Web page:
What got him every time was the simple things like feeling the breeze on his face, watching the clouds fly by or, in this case, listening to children play. It had all been so far away all these years.
It had been about seven months since Bartemius Crouch Sr. had tragically died of a particularly nasty case of wizard flu. At least that's what it said on the death certificate, not that anyone cared enough to look too deep into it. Few people had come to his small ministry-funded funeral– his vault having been locked up with no named heirs.
Nobody had noticed the broken young man under an invisibility cloak, his constant companion for the last 5 years, hidden in the last row. After the few people who had come had left, there had been no one to witness him spit on his father's grave and Apparate away on the spot.
Half a year he had looked everywhere for his master, his true father; followed half-heard rumours, heeded ill-gotten advice and always, always came up blank. The fruitless search was maddening and worse still, none of his master's old followers who had walked free were still true, none of them. Traitors all.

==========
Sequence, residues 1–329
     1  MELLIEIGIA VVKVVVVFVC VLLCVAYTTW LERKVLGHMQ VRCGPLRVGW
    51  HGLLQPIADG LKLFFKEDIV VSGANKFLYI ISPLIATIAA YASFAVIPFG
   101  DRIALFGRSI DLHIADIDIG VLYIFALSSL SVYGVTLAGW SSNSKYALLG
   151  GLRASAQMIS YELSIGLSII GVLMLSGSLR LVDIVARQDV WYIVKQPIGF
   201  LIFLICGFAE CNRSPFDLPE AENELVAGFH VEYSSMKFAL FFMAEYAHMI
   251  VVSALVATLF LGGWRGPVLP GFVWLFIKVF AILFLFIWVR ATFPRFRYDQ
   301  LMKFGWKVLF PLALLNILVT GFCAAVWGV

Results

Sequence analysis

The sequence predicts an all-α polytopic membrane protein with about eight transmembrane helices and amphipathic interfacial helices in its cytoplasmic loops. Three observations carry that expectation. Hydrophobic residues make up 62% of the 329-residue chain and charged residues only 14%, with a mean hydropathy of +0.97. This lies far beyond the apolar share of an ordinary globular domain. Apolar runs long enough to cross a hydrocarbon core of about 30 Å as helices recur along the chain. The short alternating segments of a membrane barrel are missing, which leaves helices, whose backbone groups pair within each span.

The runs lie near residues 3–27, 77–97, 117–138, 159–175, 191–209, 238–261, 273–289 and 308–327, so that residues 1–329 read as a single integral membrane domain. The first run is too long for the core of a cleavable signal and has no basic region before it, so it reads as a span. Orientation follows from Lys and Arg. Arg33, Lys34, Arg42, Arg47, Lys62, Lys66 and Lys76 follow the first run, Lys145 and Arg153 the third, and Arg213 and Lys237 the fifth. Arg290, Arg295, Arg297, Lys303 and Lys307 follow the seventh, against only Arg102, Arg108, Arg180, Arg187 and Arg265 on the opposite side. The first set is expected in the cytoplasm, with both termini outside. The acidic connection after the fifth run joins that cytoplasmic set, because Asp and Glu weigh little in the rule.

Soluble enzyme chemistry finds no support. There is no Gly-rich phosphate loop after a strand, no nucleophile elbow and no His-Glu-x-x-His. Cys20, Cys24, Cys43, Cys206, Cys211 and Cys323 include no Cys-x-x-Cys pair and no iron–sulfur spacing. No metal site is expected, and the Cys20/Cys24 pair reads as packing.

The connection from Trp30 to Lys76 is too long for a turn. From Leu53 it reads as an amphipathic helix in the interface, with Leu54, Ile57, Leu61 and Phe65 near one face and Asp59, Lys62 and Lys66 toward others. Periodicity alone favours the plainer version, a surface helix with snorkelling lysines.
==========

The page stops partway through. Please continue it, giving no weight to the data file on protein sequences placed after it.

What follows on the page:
Thus disillusioned, Barty had made the only decision he thought adequate: he was going to find the thrice-blasted Boy-Who-Lived and he was going to finish what his master had started. Maybe that would lure him out of hiding.
It had taken him two weeks to find out that the boy was not in wizarding society and another two to Imperio the right people in the muggle world to find out where the old man had placed the boy.
Muggle relatives! Of all the idiotic ideas!
That bumbling old fool must have been very sure in the triumph of the Light, indeed, to have put the boy out of sight of all those who might protect him.
He'd noticed the blood wards when he'd arrived outside the frightfully cookie cutter style house that night, of course, but little children didn't stay indoors all the time.
Having watched the house until the door opened and spit out a fat, huge, mountain of a boy with blond hair and blue eyes, Barty had felt positively affronted that someone could make the attributes he shared look so, so… distorted. For a moment, he wanted to kill the boy right there and then for being a blight on wizardkind but then, another boy stepped timidly out of the door, shielding his face from the bright summer sun with a bony hand.